Why online creative stinks so badly

(Originally published in iMediaconnection, March 2009) by Eric Picard

Recently Randy Rothenberg, CEO of the IAB, released a manifesto for the improvement of creative online. He and I have discussed this a few times, and I’m right there with him: God, we suck so badly. It’s an issue that has existed since the beginning of our industry, and despite all good work that’s been done by individual creative teams for individual advertisers, we still are a sucky environment for showing ads.

The size issue
I have lots of opinions on what has driven this, but the primary one is that our ad formats are simply too small, so we’ll start there. The historical background is simple on this: When the web was invented, people were accessing it over very low-speed modems. Every image was a big deal, and page load speeds were incredibly slow. So the physical size of banner ads was limited on multiple fronts.

As bandwidth increased and average resolutions increased, larger formats were approved. But it’s been six years since the industry adopted larger ad formats via the Universal Ad Package in 1992. Since then, we’ve increased bandwidth significantly — with much higher broadband adoption — and screen resolutions have once again increased significantly. Additionally, we now have a large number of widescreen monitors on the market, with the standards moving to the aspect ratio of HD content rather than SD television content.

It’s a negligibly easy thing to detect screen resolution and connection speed. Those of us who were pioneers in the rich media advertising space were doing this kind of thing way back in the late ’90s. There’s absolutely no reason that as an industry we can’t offer much larger ad formats to the market.

The formats I would suggest we look at are a 600 x 500 (twice the size of a 300 x 250) and a renewed push for standardizing the 300 x 600 ad format, which was previously named the “half page ad” (but which is hardly a half-page ad when used as a skyscraper on a modern widescreen monitor.

I’d also suggest that we as an industry lock down to a new “brand session” model, where we offer an advertiser the ability to reach each visitor to a website with a one-to-three impression brand exposure session. (This would be adding the concept of frequency to the online impression model.) All ad serving systems offer some degree of frequency capping, meaning that we could simply limit the number of these large-format ads that are shown to a visitor during a single website session. The session would start with one large format ad, then be followed by two of the current UAP ad formats that are standard in the industry today.

Interactivity issues
The other major reason our advertising creatives are so bad has to do with a lack of interactivity. The ad industry has simply not embraced the concept of interactivity — despite having the ability to build interactive ads since the late 1990s.

The thing that makes me sad (yes, it actually does make me sad) is that at Bluestreak, back in the day, we were building ads that would still be seen as “groundbreaking” today from a creative standpoint. But from a functionality standpoint, we launched expanding banners in 1999 that could transact within the banner. We rolled out rich media interactivity and a design tool to build rich media ads. Designers could build interactive ad experiences with all sorts of “bolt on” capabilities, like video, audio, games, etc. Every capability we created in Java back in those days can be fully replicated today with Flash, and there are literally thousands (maybe even tens of thousands) of designers who are quite expert with Flash.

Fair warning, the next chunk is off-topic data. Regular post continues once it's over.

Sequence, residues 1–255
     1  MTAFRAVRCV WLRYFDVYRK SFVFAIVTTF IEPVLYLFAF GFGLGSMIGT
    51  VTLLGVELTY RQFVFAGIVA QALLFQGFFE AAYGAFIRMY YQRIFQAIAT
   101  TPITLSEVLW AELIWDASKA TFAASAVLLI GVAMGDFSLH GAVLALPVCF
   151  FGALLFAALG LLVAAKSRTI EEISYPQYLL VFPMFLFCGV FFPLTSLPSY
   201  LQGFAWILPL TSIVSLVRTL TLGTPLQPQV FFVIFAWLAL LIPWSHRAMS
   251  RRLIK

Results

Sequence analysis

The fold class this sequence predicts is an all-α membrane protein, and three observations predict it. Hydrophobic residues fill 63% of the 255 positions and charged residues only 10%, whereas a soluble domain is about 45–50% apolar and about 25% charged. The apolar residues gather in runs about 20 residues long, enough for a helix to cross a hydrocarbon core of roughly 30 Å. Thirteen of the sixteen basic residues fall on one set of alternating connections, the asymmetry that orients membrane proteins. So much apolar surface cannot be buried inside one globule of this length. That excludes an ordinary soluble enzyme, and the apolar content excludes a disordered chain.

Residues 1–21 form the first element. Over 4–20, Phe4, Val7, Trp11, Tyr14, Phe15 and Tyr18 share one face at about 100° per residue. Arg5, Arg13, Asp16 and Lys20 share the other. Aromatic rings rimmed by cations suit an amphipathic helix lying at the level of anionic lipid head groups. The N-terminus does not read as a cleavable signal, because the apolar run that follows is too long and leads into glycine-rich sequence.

So we have every opportunity to build better ads, but nobody is doing it. I’d love to understand why. Essentially, Flash is used by the vast majority of advertisers to build “fancy animation” that is only a little more advanced than the animated GIF ads that began to surface in the early days of online advertising.

And size is not the issue. With expanding ad units available from every major rich media vendor today, giving audiences the ability to interact with ads in a space large enough to create an emotional connection is quite simple. Although rich media vendors are doing a great job when advertisers are willing to sign up for an “advanced campaign,” the overall percentage of ads that fall into this category is quite low. Frequently, the goal of the advertiser falls more toward direct response than delivering an emotional brand message.

Even if we look at a direct response model, advertisers are not taking full advantage of the medium. Back in the day at Bluestreak, we routinely found that conversion rates were extremely high for actions like newsletter subscriptions, contest sign-ups, requests for product information, or even, in some cases, sales of inexpensive products. I’ve confirmed with a few folks in the last year or two that they see similar conversion rates for ads that push the conversion action into the ad rather than requiring a redirect to a website. So if we saw this back in the late ’90s, why are so few advertisers making use of this kind of functionality?

Conclusion 
I do firmly believe that increasing the size of the creative formats is the primary issue to resolve. But adoption of rich media and interactivity is another area where we should see major adoption. Every ad on the internet should give users the option to expand the ad, request more information, watch a video demo of the product, or even to purchase the product right from the ad. I had this vision for our industry in 1997 when we first started building the technology behind Bluestreak’s now defunct E*Banner product. And the idea that more than 10 years later the industry still isn’t there is not just disappointing. It’s sad.

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